This factsheet is for women who are planning to have a baby, or for anyone who would like information on how to prepare for pregnancy. It also includes information for men who plan to become fathers.
Being fit and healthy maximises the chances of a healthy pregnancy. By the time you have missed your first period, you are two weeks pregnant. So, it's best to prepare for a pregnancy before trying to conceive, and to follow the advice that is given to pregnant women.
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Published by Bupa's Health Information Team, April 2010.
If you're planning a pregnancy, you will need to think about stopping the contraception you have been using. You may worry that some methods of contraception will make it difficult to get pregnant, however most women's normal level of fertility and periods return very quickly.
You will regain your normal fertility quickly when you:
- stop using barrier methods of contraception, such as the condom and diaphragm
- stop taking the contraceptive pill
- have a contraceptive implant removed
- have an intra-uterine device (coil) removed, including one that releases hormones
When is the best time to conceive?
More than eight in 10 couples who have regular sexual intercourse and don't use contraception will conceive in the first year of trying for a baby. Having sex every two to three days is the best way to conceive. Trying to time intercourse with ovulation (when an egg is released from your ovary each month) can put both you and your partner under stress and this is unlikely to help you conceive.
If you've been trying for a baby for a year without getting pregnant, you and your partner should see a doctor. If you are over 35 or you have infrequent or no periods, visit a doctor sooner.
If you smoke or you're underweight or overweight (BMI less than 18.5 or over 25) you're more likely to have trouble conceiving. Try to lose weight, if you need to, before you become pregnant - it's important not to diet to lose weight when you're pregnant.
Eating a healthy diet before pregnancy means that your body has adequate stores of vitamins and minerals. A nutritious, well-balanced diet includes:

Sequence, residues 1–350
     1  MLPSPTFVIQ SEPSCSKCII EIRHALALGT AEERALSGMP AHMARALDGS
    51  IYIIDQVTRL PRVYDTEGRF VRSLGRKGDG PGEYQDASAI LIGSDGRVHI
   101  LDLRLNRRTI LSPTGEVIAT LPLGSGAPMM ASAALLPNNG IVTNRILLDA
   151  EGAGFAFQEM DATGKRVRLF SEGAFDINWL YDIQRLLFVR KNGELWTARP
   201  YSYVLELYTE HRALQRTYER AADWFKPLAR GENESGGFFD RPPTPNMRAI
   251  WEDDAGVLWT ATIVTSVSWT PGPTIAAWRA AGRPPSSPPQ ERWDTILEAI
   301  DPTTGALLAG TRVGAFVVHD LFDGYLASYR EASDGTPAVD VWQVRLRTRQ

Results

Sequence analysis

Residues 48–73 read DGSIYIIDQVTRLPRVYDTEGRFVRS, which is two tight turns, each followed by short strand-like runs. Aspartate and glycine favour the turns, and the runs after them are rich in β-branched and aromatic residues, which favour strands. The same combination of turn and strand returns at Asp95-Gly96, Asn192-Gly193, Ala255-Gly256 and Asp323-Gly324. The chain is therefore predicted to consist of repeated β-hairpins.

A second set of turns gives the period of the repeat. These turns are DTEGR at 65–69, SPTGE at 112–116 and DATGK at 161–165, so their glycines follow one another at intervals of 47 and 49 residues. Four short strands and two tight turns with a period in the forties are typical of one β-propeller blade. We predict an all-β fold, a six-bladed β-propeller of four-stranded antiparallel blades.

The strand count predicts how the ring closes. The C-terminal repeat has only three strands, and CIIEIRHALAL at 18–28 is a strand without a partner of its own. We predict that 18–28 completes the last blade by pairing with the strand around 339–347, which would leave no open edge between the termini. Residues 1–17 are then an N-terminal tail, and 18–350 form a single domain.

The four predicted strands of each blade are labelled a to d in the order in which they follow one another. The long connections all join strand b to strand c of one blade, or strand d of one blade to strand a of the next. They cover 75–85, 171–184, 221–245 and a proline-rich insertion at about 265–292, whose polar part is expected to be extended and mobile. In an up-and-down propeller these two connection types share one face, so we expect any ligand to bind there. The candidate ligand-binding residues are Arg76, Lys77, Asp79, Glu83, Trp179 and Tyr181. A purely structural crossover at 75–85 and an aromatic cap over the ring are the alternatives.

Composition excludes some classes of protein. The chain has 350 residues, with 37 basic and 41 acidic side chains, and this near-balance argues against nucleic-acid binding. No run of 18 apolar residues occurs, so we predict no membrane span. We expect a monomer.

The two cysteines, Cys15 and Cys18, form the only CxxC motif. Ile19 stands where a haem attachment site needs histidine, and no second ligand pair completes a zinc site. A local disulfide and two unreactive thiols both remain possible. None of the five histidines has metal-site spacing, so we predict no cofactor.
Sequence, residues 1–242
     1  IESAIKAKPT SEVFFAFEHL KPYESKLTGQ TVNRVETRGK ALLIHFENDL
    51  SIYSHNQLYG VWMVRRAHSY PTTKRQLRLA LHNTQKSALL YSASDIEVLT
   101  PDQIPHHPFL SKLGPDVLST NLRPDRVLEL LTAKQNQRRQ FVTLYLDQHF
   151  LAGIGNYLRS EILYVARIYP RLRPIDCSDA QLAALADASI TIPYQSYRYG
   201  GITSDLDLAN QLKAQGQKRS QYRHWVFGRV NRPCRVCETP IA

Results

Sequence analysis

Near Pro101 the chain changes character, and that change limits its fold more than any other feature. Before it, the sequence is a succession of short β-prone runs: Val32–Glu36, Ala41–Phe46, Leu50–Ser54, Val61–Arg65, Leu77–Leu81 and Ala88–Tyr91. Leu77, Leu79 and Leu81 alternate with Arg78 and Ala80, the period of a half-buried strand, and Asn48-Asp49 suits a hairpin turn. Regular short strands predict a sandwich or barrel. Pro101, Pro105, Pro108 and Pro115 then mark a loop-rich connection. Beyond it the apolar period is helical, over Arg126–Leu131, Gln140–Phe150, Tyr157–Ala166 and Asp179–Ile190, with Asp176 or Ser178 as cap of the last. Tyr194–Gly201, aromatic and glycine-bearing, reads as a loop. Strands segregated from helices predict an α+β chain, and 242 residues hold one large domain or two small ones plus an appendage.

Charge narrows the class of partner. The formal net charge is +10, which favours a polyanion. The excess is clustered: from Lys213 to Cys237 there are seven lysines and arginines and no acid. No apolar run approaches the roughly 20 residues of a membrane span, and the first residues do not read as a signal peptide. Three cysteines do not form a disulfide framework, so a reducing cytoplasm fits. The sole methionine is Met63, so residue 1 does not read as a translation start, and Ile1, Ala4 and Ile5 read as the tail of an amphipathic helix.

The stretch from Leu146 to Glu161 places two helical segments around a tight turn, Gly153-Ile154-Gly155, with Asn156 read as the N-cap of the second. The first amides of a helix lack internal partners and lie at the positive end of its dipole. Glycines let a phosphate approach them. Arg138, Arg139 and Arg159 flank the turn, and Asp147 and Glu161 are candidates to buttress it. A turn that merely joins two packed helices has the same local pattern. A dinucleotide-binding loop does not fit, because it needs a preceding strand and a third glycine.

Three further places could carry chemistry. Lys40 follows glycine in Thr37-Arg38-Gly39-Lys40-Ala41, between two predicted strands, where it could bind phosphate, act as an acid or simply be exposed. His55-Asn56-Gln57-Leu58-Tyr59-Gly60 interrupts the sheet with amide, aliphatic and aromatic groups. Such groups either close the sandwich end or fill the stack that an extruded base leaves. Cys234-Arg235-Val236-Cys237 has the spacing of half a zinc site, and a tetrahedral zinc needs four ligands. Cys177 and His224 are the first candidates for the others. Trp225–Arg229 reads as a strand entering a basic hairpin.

- plenty of fruit and vegetables (at least five portions per day), which provide vitamins and fibre
- starchy foods such as potatoes and whole grain cereals, bread and pasta
- protein such as lean meat, fish and pulses
- dairy foods such as milk and yoghurt, which supply calcium
Pregnant women can become anaemic, so make sure you eat plenty of iron-rich foods. These include red meat, pulses, fortified breakfast cereals, dried fruit, bread, and green vegetables.
A well-balanced and varied vegetarian diet should provide all that you need, but you may find it harder to eat enough iron and vitamin B12. It's a good idea to speak to a doctor or another healthcare professional about ways to increase your intake. Also ask for advice if you are on a vegan or any other restricted diet.
There are certain foods that you shouldn't eat pre-pregnancy because they put you at risk of food poisoning or may harm the baby if you do become pregnant. These include:
- liver and large quantities of vitamin A in supplements such as fish liver oils
- unpasteurised dairy products
- raw or soft-cooked eggs
- patés, including vegetable paté
- soft cheeses such as brie or camembert
- blue cheeses such as stilton or roquefort
- swordfish, marlin and shark
- any more than two tuna steaks (170g raw) or four tins of tuna (140g drained) per week
Folic acid (one of the B vitamins) is the only pre-pregnancy vitamin supplement that women who are eating a balanced diet need to take.
You need folic acid for the development of healthy red blood cells. Adequate intake of folic acid also reduces the risk of your baby being born with a neural tube defect, such as spina bifida. The neural tube develops very early in pregnancy, during the first few weeks after fertilisation. At this point, you may not have even realised you're pregnant.
It's important that you start taking folic acid supplements as soon as you start trying for a baby or realise you are pregnant. The recommended dose is 400 micrograms (0.4mg) daily, which you should take as well as meeting the recommended intake of 200 micrograms in your diet. Good sources of folic acid include fresh dark green vegetables such as broccoli, peas, brussel sprouts and chick peas. Many breakfast cereals are fortified with folic acid and it's also found in wholemeal bread.
A higher dose of 5,000 micrograms (5mg) of folic acid is recommended for women who have previously had a baby with a neural tube defect, are taking medicine for epilepsy, or have diabetes, thalassaemia or coeliac disease. If you have a family history of neural tube defects, then you should also take the higher dose. Speak to a doctor about folic acid before trying for a baby if any of these apply to you.
Advice for fathers
Smoking and drinking alcohol can affect the quality of sperm, so men should stop smoking and drink no more than three to four units of alcohol per day. Men should also try to maintain a BMI of less than 29 because being overweight can reduce fertility. There is a link between increased scrotal temperature and reduced sperm quality, so it might be a good idea to wear loose-fitting underwear, although it's uncertain whether this will improve fertility.